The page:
Lethality of essential oil constituents towards the human louse, Pediculus humanus, and its eggs
Priestley, C.M., Burgess, I.F. and Williamson, E.M. (2006) Lethality of essential oil constituents towards the human louse, Pediculus humanus, and its eggs. Fitoterapia, 77 (4). pp. 303-309. ISSN 0367-326X
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To link to this item DOI: 10.1016/j.fitote.2006.04.005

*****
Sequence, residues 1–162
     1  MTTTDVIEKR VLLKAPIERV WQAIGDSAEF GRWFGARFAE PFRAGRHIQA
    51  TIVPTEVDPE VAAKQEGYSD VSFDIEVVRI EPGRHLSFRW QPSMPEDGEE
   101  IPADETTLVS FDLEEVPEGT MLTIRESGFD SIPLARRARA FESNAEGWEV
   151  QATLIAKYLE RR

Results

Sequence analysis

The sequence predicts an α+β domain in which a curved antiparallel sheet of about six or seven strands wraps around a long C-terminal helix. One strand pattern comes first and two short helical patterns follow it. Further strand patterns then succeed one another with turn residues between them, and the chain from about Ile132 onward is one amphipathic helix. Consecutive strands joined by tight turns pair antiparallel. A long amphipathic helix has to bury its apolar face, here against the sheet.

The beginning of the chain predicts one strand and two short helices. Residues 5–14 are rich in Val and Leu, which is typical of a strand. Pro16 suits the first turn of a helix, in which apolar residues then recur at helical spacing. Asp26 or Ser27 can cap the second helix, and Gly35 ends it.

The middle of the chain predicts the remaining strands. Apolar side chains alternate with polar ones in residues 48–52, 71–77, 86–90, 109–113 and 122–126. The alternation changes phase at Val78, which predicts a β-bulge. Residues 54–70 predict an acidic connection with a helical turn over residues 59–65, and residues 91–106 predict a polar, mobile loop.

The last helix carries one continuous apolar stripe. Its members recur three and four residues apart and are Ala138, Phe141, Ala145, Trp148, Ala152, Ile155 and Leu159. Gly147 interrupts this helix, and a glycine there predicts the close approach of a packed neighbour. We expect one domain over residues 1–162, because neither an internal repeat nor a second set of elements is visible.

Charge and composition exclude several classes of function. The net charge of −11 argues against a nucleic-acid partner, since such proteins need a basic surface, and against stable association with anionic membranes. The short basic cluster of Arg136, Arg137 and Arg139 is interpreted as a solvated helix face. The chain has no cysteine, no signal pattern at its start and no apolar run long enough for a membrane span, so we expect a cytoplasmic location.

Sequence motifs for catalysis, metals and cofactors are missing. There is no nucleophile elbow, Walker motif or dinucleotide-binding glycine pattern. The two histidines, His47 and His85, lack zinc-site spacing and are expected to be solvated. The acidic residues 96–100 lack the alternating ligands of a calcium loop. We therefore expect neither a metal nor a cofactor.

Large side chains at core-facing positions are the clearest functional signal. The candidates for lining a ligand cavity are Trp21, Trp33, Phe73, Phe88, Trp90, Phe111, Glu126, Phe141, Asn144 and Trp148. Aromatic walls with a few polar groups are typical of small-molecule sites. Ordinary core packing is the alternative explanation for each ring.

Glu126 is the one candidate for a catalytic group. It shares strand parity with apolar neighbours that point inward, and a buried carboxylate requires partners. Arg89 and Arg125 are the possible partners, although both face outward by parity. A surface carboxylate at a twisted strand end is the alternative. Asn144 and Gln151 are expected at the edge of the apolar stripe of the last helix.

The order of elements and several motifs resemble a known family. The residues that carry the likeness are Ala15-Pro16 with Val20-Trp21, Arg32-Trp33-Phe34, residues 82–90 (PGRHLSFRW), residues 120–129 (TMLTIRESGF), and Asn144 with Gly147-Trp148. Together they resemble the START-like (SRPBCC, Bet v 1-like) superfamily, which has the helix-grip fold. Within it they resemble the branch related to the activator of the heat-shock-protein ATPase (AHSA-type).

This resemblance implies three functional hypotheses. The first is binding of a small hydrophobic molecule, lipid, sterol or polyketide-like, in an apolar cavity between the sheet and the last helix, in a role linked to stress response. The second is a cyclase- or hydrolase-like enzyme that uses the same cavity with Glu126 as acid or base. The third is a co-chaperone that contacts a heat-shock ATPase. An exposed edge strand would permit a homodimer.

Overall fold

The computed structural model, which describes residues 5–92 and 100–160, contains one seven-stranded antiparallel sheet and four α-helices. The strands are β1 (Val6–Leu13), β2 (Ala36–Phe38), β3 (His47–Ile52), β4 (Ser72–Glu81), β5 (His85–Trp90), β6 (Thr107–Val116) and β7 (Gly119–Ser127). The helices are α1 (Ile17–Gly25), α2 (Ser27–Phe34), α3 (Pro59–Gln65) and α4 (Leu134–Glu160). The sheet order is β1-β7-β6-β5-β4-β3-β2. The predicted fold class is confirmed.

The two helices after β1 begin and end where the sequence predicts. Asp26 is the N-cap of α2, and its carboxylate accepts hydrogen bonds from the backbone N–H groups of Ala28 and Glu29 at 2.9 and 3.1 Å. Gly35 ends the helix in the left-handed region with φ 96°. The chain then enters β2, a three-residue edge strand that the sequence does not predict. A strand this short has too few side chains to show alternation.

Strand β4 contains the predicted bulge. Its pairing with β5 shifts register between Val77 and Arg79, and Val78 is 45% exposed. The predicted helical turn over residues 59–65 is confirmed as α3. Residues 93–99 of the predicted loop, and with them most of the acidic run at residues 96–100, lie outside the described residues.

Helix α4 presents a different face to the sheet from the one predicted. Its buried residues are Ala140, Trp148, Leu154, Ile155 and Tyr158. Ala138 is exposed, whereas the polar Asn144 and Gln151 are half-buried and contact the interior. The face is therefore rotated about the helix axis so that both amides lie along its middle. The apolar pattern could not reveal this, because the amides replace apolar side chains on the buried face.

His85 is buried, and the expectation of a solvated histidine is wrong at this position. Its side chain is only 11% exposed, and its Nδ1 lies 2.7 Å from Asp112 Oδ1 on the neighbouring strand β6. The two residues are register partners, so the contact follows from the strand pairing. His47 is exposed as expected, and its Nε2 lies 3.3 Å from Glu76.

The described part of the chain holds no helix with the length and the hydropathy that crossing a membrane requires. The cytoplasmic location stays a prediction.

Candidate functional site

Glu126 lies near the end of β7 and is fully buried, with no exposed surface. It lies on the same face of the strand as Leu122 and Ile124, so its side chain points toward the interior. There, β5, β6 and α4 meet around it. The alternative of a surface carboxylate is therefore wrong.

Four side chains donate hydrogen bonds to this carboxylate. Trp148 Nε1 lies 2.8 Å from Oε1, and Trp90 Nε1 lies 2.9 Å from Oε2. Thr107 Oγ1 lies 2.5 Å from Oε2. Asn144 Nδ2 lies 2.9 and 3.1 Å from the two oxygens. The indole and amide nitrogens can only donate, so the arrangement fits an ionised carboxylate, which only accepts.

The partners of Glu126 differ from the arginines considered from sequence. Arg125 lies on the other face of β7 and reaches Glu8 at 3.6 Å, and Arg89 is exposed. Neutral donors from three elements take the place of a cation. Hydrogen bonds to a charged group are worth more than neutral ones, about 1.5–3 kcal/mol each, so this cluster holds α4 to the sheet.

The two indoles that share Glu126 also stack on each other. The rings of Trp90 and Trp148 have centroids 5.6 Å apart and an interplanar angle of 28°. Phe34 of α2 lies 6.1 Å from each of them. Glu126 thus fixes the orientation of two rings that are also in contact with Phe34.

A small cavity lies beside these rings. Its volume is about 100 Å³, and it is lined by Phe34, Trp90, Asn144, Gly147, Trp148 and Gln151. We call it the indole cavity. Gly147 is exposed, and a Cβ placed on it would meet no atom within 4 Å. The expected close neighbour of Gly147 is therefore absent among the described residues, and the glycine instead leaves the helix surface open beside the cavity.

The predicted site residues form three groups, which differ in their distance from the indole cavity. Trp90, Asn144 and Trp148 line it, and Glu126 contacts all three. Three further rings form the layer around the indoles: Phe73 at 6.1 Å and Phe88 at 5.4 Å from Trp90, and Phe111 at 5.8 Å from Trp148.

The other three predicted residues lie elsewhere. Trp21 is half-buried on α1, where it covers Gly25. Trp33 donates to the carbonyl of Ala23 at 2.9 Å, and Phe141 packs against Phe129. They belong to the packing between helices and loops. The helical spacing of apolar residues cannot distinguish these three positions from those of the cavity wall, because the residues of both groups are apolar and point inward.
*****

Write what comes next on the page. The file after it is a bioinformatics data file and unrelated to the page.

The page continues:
Essential oils have been widely used in traditional medicine for the eradication of lice, including head lice, but due to the variability of their constitution the effects may not be reproducible. In an attempt to assess the contribution of their component monoterpenoids, a range of common individual compounds were tested in in vitro toxicity model against both human lice (Pediculus humanus, an accepted model of head lice lethality) and their eggs, at different concentrations. No detailed study into the relative potencies of their constituent terpenoids has so far been published. Adult lice were observed for lack of response to stimuli over 3 h and the LT50 calculated, and the percentage of eggs failing to hatch was used to generate ovicidal activity data. A ranking was compiled for adult lice and partially for eggs, enabling structure-activity relationships to be assessed for lethality to both, and showed that, for activity in both life-cycle stages, different structural criteria were required. (+)-Terpinen-4-ol was the most effective compound against adult lice, followed by other mono-oxygenated monocyclic compounds, whereas nerolidol was particularly lethal to eggs, but ineffective against adult lice. (c) 2006 Elsevier B.V. All rights reserved.